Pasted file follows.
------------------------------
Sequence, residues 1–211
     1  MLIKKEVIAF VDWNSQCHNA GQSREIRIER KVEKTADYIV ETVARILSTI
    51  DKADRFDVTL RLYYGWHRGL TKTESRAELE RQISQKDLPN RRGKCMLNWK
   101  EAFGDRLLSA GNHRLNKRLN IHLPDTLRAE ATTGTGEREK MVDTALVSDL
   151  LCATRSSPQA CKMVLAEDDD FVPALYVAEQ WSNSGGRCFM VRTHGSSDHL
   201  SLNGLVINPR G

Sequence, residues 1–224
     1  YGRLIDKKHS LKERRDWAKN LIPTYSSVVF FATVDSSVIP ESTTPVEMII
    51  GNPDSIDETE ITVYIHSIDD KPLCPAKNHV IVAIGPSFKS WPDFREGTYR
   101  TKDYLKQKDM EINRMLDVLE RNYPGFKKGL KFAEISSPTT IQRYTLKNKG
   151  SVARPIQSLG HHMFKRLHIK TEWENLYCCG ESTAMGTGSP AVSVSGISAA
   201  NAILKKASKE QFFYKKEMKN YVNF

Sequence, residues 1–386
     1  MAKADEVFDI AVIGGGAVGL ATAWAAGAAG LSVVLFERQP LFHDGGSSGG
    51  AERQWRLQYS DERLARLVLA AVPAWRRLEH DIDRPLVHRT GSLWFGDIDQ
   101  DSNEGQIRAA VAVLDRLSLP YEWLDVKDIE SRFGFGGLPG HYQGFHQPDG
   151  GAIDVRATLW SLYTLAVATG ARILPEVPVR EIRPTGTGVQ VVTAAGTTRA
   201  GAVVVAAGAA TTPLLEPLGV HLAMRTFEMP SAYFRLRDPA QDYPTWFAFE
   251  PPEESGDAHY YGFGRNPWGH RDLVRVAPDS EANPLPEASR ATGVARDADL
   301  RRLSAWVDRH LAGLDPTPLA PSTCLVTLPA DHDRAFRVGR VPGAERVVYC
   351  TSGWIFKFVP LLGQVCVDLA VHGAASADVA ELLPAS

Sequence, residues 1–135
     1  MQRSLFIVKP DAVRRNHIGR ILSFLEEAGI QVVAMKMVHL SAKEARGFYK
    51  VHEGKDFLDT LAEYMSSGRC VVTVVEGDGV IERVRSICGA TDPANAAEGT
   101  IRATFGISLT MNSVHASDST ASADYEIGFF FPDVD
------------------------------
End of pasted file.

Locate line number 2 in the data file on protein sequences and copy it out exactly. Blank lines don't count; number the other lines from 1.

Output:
     1  MLIKKEVIAF VDWNSQCHNA GQSREIRIER KVEKTADYIV ETVARILSTI